"Television has changed journalism utterly, as it's changed the whole culture. To have been able for a few years to hold the line against a tide that's going to engulf us all in the end has been a source of gratification to me."
About This Interview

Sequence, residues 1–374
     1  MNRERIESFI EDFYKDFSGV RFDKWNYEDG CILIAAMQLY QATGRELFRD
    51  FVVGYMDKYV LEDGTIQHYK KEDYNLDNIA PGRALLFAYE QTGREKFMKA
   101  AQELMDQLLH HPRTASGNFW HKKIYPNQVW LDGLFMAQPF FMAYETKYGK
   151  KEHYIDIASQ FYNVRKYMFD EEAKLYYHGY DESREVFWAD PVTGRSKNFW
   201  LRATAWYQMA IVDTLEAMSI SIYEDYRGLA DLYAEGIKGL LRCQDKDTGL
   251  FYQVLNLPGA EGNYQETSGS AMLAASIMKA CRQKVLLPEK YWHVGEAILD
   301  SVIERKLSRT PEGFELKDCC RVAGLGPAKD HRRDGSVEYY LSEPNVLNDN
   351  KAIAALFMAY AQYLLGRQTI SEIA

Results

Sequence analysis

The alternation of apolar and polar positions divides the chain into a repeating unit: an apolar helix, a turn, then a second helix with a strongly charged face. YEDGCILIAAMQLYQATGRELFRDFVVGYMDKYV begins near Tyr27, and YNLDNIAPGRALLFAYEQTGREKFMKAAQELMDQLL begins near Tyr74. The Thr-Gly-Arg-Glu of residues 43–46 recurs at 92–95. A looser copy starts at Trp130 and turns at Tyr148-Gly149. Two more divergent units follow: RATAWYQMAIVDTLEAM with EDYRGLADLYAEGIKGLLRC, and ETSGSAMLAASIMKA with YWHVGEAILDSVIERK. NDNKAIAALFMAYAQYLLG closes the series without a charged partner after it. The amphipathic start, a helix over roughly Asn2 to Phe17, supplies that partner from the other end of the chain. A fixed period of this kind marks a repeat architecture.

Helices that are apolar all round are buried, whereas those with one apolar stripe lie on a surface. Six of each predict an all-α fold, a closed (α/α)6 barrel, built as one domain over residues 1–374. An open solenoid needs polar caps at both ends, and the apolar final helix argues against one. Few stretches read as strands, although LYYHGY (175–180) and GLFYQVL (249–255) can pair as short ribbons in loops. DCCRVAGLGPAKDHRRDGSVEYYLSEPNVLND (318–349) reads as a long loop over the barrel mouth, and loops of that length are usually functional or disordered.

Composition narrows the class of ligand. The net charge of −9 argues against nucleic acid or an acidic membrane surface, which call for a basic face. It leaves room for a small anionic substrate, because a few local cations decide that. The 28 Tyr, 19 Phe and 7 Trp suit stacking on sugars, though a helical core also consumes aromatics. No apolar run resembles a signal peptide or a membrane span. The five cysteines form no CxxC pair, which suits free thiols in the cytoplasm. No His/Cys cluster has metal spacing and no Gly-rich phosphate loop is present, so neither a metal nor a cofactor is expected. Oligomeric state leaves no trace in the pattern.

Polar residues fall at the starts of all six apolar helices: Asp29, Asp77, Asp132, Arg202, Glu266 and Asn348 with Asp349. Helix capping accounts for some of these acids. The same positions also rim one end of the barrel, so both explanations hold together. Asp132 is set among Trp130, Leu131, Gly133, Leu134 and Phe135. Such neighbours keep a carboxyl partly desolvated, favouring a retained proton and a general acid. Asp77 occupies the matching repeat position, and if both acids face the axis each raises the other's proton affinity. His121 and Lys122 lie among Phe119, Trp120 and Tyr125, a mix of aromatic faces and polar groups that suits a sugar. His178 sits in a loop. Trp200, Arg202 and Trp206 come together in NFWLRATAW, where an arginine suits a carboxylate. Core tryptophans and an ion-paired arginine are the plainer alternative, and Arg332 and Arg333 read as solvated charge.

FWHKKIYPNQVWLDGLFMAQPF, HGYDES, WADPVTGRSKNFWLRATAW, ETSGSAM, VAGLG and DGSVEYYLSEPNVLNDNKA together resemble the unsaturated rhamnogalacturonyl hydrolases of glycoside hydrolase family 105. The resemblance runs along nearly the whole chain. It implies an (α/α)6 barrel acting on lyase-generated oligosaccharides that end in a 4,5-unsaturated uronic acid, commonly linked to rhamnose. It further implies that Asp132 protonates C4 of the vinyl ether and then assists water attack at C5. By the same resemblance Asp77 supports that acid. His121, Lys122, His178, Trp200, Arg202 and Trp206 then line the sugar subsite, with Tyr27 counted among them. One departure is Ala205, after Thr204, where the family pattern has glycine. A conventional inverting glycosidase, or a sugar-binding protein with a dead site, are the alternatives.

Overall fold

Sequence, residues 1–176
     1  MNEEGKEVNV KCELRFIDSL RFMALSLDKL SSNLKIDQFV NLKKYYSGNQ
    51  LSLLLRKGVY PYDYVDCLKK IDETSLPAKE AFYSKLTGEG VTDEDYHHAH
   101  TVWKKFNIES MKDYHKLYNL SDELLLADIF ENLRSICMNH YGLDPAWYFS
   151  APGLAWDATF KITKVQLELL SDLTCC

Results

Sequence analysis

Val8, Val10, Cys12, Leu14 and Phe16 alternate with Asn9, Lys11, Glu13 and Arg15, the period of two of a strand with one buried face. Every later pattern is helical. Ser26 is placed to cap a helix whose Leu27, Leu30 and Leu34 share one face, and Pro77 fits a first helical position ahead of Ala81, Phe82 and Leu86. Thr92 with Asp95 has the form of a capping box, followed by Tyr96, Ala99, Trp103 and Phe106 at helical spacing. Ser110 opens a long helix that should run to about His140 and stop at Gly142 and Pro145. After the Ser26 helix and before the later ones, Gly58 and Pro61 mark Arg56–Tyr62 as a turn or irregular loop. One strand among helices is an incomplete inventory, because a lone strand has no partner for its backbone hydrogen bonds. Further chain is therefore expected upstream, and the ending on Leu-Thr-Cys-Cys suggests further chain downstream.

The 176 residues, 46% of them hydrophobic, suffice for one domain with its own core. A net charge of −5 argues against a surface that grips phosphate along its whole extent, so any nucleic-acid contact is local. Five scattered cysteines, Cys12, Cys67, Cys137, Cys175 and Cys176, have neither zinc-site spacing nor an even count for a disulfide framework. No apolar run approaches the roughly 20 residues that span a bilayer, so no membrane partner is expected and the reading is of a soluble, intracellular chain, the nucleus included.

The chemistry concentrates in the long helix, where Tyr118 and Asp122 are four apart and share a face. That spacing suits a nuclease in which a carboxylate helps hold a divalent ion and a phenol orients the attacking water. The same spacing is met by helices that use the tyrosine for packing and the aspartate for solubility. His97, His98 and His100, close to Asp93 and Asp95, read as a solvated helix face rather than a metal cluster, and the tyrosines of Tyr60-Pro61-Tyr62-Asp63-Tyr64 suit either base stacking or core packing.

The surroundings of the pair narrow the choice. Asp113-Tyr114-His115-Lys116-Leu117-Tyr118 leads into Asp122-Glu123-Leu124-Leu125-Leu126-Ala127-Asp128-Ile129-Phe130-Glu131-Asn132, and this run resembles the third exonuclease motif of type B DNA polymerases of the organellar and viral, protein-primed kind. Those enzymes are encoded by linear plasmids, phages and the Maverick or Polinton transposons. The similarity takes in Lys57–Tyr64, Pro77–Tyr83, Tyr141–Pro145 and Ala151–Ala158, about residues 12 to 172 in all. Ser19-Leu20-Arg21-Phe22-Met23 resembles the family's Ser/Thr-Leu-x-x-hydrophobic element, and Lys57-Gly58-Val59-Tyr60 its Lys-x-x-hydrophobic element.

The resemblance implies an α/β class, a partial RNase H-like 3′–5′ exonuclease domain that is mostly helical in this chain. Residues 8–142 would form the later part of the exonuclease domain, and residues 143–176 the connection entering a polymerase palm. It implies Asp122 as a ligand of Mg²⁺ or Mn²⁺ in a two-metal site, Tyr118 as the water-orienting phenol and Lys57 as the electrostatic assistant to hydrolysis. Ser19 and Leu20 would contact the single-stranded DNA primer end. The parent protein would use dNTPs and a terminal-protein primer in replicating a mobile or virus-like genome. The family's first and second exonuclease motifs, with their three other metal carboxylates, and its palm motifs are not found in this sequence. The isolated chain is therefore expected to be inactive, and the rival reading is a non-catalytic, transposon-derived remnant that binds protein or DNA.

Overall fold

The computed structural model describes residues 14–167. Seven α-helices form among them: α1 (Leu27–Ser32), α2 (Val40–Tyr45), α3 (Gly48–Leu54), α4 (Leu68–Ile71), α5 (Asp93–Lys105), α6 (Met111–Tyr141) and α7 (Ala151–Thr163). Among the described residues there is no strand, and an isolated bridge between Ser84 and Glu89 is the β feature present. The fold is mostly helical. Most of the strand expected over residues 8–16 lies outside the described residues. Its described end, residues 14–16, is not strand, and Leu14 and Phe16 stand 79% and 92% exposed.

In his seven-hour Archive interview, Robert MacNeil speaks about his long and illustrious career in journalism, starting in London with Independent Television (ITV) and later with Reuters. He recalls being hired at the NBC bureau in London, covering the Berlin crisis (when the Berlin wall was erected), and reporting on the Cuban Missile Crisis (from inside Cuba). He details his move to Washington D.C., where he covered the Kennedy assassination in Dallas (unknowingly meeting Lee Harvey Oswald) and the Civil Rights Movement in the South. He recounts covering Lyndon Johnson, as well as the presidential campaign of Barry Goldwater in 1964, and reporting on the downfall of Richard Nixon. MacNeil outlines his work on NBC's The Huntley-Brinkley Report, where he acted as a "roving reporter," and talks about leaving NBC and his work with the BBC. He discusses the beginnings of his partnership with Jim Lehrer and recounts stories from The MacNeil Lehrer Report (later the MacNeil Lehrer Newshour). He speaks of his more recent work as a novelist, and finally comments on the then-current and future state of network news. Don Carleton conducted the interview on November 18, 2000 and May 15, 2001 in New York City, New York.